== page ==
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Cytomegalovirus (CMV) infection during fetal life causes severe symptoms and is associated with prolonged viral excretion. Previous studies reported low CD4(+) T-cell responses to CMV infection in early life, contrasting with large responses of effector CD8(+) T cells. The mechanisms underlying the defective CD4(+) T-cell responses and the possible dissociation with CD8(+) T-cell responses have not been clarified.
The magnitude and the quality of the fetal CD8(+) and CD4(+) T-cell responses to CMV infection were compared to those of adults with primary or chronic infection.
In utero CMV infection induced oligoclonal expansions of fetal CD4(+) and CD8(+) T lymphocytes expressing a T-helper type 1 or Tc1 effector phenotype similar to that of adult CMV-specific cells. However, the effector cytokine responses and the polyfunctionality of newborn CD4(+) and CD8(+) T cells were markedly lower than those of adult cells. This reduced functionality was associated with a higher expression of the programmed death 1 inhibitory receptor, and blockade of this receptor increased newborn T-cell responses.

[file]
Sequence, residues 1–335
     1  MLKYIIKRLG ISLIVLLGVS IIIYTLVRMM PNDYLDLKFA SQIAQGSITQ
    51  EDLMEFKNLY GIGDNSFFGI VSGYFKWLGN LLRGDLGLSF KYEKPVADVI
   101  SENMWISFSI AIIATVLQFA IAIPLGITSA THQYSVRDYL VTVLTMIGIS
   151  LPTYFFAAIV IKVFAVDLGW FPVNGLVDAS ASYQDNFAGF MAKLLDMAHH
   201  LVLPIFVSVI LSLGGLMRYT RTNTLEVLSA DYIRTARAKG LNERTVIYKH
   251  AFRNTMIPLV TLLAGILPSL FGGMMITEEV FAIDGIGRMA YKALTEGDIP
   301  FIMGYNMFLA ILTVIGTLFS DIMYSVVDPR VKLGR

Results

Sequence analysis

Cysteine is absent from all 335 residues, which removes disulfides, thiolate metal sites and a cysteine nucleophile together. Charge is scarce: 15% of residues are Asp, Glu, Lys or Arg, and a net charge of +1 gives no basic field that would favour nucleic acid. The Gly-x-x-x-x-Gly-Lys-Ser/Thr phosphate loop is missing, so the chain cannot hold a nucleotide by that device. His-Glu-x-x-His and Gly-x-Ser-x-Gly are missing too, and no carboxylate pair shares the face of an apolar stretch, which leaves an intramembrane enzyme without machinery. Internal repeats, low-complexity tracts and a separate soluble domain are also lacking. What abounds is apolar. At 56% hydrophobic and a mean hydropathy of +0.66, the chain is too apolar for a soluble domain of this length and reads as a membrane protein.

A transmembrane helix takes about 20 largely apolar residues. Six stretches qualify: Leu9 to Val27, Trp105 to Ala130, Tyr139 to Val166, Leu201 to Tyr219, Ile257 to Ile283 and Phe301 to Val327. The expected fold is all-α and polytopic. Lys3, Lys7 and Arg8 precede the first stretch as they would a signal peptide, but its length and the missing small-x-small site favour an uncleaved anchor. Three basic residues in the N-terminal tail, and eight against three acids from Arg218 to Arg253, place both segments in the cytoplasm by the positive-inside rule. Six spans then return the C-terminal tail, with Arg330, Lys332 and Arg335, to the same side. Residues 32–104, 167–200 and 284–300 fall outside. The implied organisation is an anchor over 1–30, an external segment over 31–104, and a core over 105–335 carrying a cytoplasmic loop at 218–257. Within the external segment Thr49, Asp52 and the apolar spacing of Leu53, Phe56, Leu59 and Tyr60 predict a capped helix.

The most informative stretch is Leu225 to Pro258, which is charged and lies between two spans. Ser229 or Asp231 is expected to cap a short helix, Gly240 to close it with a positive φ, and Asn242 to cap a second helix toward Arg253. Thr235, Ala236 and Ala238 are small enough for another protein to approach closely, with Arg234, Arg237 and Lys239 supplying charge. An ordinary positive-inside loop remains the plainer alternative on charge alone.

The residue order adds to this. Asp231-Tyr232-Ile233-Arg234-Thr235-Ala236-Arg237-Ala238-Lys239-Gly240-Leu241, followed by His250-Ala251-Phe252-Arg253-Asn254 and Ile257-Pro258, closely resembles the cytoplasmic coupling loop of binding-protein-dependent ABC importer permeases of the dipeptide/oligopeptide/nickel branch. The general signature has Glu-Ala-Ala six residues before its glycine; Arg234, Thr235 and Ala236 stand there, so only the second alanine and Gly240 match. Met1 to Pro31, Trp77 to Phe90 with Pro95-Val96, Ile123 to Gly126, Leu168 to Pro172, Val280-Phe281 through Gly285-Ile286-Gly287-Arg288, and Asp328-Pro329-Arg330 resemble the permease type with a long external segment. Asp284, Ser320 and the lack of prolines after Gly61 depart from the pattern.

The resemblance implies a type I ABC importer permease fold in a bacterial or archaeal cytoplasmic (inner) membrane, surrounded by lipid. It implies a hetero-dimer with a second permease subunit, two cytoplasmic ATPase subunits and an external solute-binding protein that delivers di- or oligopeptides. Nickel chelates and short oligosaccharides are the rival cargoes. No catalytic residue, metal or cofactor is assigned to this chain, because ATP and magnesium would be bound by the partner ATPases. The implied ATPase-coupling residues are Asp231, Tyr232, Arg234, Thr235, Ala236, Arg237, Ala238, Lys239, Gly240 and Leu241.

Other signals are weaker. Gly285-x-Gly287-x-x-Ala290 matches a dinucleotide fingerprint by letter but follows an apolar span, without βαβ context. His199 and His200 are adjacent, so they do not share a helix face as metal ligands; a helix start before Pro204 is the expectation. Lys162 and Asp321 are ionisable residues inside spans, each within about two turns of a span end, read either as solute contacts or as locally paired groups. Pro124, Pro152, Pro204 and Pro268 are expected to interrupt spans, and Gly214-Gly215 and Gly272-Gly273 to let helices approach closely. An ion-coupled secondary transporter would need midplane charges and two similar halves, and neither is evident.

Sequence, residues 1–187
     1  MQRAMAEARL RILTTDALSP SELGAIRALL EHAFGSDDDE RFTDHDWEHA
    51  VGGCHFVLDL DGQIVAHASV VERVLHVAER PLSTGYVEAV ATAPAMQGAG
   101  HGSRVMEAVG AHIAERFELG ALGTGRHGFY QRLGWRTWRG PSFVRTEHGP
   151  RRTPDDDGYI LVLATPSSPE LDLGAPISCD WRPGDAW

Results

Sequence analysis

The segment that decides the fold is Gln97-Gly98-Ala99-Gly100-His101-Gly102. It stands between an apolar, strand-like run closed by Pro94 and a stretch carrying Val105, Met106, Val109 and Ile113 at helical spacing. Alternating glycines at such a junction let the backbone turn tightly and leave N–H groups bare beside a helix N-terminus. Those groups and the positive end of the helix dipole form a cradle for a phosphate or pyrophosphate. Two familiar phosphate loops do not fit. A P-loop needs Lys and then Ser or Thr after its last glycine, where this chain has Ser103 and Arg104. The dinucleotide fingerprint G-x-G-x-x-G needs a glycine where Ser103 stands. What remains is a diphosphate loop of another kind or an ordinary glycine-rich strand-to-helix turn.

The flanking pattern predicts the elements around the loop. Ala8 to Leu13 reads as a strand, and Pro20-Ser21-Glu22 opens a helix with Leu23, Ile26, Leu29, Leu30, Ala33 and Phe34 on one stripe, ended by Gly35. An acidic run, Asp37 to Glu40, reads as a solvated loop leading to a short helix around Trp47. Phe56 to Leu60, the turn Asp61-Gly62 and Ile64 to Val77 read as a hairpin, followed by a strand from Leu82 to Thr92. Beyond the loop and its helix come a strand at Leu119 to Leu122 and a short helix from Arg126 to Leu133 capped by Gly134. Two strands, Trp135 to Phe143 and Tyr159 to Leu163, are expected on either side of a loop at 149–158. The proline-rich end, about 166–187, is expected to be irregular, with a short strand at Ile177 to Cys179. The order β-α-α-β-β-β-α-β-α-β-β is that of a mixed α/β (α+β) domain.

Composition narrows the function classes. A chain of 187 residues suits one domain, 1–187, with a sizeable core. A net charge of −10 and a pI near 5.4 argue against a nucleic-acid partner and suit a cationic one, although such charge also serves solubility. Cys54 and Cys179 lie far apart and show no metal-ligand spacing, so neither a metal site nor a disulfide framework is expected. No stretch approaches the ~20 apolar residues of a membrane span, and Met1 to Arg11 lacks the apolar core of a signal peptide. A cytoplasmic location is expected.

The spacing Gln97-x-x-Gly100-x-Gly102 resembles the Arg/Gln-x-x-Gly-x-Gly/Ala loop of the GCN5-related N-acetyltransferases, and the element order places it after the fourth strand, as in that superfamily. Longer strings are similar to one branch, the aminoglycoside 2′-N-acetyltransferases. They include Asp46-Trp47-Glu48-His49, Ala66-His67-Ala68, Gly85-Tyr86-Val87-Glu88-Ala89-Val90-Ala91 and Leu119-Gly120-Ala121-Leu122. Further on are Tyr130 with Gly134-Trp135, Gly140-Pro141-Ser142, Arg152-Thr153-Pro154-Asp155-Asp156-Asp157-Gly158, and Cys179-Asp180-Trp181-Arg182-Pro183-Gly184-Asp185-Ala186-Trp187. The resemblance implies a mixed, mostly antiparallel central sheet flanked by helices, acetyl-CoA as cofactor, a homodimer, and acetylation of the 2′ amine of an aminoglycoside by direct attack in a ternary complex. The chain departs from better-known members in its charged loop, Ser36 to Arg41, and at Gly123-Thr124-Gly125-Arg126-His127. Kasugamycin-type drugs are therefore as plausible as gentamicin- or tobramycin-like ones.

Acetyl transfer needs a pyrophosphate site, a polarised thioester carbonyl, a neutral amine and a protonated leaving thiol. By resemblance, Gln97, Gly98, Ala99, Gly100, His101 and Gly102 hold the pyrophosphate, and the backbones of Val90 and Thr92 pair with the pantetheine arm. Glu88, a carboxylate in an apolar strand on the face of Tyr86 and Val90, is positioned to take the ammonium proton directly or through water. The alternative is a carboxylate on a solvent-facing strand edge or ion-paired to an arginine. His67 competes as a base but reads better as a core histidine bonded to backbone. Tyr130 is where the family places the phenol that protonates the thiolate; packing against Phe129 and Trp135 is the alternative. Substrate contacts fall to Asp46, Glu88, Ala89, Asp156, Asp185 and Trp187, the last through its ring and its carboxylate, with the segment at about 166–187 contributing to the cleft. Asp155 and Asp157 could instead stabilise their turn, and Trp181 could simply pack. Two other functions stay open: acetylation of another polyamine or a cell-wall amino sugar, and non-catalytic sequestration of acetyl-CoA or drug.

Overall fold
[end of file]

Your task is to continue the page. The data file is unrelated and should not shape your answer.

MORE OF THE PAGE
Functional exhaustion limits effector CD4(+) and CD8(+) T-lymphocyte responses to CMV during fetal life.
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CD4 T cell; CD8 T cell; congenital infection; cytomegalovirus; exhaustion; fetus